Four university educators and one veteran administrator share their perspectives on laboratory communication.
by Jean A. Sagara
In this series, we have been examining dental laboratory communication in all of its forms. We have presented viewpoints from labs, dentists, and vendors in separate articles since January. We have covered topics such as shade-matching, implants, and cosmetic imaging, all relevant issues that impact lab communication.
Now let's go to where it all begins - to dental school ... where students are first introduced to the dental laboratory ... where residents learn to perfect the clinical subtleties of appliance prescription ... where institutions may struggle with administrative systems, divergent faculty viewpoints, and with labs. It is time for those involved with the universities to give us their input on the important topic of lab communication and tell us about their customary practices.
Participants and objectives
We interviewed an expert panel of educators and one veteran administrator who gave us their perspectives. We will disclose two facts at the outset:
We know many of these individuals professionally as leaders in the dental academic world.
A We know some of them because their schools use, or soon will use, TransLab™, an online laboratory prescription product with which we are familiar.
Our goal was to address the topic of lab communications broadly. While the topic of technology was included in our interview questions, it did not drive our conversations. Rather, technology's importance in lab communications (for example, digital radiography and electronic medical records) suggests that it needs to be the subject of a future article.
For this study, we asked representatives from each school how they select a lab, monitor the quality of work produced, teach lab communications, and manage labs within their administrative systems.
Our interview participants included these colleagues:
•Robert Chapman, DMD, professor/chairman, Department of Restorative Dentistry, Tufts University School of Dental Medicine, Boston, Mass.
•Richard Fredekind, DMD, associate dean for clinical services, University of the Pacific School of Dentistry, San Francisco, Calif.
•Anton Gotlieb, DDS, associate professor of restorative dentistry, NOVA Southeastern University College of Dental Medicine, Ft. Lauderdale, Fla.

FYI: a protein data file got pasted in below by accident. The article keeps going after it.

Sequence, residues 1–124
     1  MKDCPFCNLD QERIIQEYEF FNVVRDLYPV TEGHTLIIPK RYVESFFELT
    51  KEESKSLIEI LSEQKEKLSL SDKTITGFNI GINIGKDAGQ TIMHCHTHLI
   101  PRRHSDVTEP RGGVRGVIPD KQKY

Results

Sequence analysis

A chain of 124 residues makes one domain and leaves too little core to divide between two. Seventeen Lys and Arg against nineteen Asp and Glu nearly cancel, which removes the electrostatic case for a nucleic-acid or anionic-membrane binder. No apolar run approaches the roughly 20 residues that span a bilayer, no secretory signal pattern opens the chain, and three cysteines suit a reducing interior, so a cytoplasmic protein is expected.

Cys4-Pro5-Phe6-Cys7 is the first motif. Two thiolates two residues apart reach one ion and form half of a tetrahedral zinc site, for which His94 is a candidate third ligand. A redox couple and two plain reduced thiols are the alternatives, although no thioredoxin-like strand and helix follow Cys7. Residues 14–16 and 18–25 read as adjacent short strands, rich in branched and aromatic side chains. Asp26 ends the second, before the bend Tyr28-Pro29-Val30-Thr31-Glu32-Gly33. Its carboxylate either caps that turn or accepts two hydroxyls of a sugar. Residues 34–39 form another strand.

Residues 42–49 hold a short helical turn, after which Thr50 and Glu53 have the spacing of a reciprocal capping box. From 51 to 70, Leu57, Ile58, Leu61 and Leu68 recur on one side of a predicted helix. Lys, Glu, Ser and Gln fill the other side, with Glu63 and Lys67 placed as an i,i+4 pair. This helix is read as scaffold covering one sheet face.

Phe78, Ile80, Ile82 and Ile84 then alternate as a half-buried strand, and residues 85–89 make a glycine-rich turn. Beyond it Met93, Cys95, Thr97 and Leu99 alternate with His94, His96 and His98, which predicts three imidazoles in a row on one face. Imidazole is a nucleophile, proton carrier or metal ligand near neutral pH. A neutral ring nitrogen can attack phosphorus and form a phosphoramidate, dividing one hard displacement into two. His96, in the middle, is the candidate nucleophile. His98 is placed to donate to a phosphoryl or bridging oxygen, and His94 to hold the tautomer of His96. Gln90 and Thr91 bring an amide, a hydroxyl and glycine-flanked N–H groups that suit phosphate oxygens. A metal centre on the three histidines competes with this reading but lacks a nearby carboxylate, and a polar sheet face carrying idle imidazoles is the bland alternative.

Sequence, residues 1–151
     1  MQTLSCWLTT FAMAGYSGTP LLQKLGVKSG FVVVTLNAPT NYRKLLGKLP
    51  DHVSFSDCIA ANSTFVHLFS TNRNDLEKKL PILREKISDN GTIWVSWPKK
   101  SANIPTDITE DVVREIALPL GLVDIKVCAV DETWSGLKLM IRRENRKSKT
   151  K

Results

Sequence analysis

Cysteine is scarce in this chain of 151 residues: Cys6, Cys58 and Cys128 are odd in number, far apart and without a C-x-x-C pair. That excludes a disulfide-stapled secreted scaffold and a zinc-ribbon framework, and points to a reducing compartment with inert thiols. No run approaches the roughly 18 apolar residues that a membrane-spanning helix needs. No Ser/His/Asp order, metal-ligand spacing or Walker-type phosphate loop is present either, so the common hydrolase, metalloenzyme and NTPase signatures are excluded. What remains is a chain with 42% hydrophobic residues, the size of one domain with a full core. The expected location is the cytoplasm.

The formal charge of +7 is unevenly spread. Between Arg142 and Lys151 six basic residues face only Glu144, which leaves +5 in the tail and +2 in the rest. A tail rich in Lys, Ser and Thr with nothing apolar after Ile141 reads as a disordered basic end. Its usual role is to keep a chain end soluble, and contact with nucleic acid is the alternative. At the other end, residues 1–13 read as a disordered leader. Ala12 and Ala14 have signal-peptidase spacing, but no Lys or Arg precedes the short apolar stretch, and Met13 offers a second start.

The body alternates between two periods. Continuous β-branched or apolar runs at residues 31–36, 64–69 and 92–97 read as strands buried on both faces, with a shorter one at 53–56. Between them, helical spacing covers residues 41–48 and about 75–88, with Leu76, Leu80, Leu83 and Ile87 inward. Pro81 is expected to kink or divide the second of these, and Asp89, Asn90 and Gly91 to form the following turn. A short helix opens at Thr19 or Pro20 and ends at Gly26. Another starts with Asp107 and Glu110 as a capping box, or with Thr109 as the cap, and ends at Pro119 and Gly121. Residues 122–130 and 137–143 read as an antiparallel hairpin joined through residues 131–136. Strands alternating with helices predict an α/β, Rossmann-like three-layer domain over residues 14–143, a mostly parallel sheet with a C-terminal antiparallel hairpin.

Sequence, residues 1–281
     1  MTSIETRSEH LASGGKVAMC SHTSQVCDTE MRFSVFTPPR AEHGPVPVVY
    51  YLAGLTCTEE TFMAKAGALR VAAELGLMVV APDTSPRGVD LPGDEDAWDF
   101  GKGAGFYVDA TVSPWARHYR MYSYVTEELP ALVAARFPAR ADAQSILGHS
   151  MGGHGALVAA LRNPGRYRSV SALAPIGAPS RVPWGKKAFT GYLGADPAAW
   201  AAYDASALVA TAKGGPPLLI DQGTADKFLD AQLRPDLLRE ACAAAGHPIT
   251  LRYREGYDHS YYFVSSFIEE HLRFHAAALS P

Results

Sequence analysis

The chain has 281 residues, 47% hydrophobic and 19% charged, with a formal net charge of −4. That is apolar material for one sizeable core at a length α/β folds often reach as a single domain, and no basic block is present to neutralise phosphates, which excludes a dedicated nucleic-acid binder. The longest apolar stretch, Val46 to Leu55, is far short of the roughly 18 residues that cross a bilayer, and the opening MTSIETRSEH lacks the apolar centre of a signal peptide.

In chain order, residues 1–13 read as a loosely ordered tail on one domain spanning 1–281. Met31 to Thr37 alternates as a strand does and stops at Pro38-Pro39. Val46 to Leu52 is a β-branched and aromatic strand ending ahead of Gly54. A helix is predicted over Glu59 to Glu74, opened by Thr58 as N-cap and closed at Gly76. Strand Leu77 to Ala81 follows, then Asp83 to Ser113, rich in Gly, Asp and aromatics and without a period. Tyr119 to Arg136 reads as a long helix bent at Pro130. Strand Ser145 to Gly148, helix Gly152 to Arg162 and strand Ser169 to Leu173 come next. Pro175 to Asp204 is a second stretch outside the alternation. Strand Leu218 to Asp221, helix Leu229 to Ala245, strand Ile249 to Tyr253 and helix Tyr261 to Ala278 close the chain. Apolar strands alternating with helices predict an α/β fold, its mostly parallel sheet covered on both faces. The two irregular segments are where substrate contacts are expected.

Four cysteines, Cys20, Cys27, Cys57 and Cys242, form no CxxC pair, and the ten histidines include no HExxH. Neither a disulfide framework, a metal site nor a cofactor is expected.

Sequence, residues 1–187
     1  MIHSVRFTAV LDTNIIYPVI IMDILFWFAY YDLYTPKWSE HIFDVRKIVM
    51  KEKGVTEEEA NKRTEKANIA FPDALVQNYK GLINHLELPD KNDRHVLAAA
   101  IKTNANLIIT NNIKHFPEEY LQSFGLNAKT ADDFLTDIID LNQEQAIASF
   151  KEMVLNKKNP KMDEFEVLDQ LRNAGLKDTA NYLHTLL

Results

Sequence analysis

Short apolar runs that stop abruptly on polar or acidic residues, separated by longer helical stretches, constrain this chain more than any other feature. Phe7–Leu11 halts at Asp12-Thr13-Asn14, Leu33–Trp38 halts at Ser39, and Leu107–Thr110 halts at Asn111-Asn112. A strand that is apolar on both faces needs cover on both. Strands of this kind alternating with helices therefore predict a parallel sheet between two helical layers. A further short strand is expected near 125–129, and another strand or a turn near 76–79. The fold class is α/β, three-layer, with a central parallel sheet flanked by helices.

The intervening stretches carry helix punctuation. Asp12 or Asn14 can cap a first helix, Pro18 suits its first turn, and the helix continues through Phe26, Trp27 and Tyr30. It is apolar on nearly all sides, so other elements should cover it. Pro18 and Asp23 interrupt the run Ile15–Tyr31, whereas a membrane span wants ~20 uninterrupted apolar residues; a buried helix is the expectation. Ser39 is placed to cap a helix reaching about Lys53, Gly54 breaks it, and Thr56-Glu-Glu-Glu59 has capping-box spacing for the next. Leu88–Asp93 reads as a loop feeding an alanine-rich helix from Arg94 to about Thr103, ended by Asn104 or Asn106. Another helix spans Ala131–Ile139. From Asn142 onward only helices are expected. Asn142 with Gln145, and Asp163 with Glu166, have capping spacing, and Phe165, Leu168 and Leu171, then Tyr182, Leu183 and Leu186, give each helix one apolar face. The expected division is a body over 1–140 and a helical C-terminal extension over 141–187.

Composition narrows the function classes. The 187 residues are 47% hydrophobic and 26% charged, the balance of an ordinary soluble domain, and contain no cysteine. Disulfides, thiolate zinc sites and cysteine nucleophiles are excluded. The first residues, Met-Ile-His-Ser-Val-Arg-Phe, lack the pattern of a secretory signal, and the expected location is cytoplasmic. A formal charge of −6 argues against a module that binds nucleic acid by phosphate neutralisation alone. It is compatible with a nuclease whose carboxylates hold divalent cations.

•Ms. Nikki Nicholas, laboratory and stores manager, University of Florida College of Dentistry, Gainesville, Fla.
How labs are chosen by schools
It surprised us to discover that schools work with as many as 15 labs at any given time. Another surprise was learning that few schools utilize an RFP (Request for Proposal) or contract process to formalize lab relationships. On the other hand, all participant schools monitor work quality on a regular basis and feel no compunction about ending a lab relationship when performance suffers. They have quality managers, quality teams, and a rigorous evaluation process that is applied to every appliance received from every lab. We began to appreciate that the informal arrangement actually allowed for greater flexibility, giving schools more leverage with labs.
We asked the interviewees how a lab is deemed suitable. Again, a pragmatic approach is the norm. All schools choose their labs based on recommendations from faculty or dentist referrals. Word-of-mouth works well and is the primary method employed. Since few lab contracts exist, no standard "term of service" exists either. All labs serve at the pleasure of the schools.
Dr. Susan King of the University of Louisville states it well: "We work with a dental laboratory for as long as the relationship prospers."
Metrics for performance
Naturally, while quality of the work product is the number one basis for evaluating a lab, additional criteria also are used:
- Ability to manage seasonal changes in workload
- Production turn-around times
- Fee structures
- Remake rates
More than one school emphasized the seasonal demand changes. For many schools that have a fluctuating calendar year, a laboratory's ability to handle the uneven demand for service without compromising quality becomes key.
Dr. Richard Fredekind of the University of the Pacific summed it up: "The seasonal nature of the quantity of work is a significant problem for the labs with schools. They have to learn to manage that without compromising quality. We take a hard look at that issue in choosing and staying with a given lab."
Apparently, many labs had difficulty responding to these cycle variables at first. Now, however, the dynamic is better managed with fewer quality consequences.
Dental schools teach communication
Instruction in lab communications is carefully conceived and richly delivered at dental schools. Much attention is paid to helping the student get lab prescriptions right.
As Dr. Anton Gotlieb at NOVA Southeastern University told us, "Our greatest emphasis is on how to write the script. We have to teach the student how to ask for what he or she wants. Then, the lab has to deliver whatever was asked for, no more and no less."
All of the schools we spoke with reported using a generic, written script - one for fixed prosthetics and one for removables - to accompany the case model. To take a closer look at how one school helps the dental undergraduate master prosthetic-treatment considerations, we talked to Dr. Richard Fredekind at the University of the Pacific, a three-year school. He detailed their teaching stages: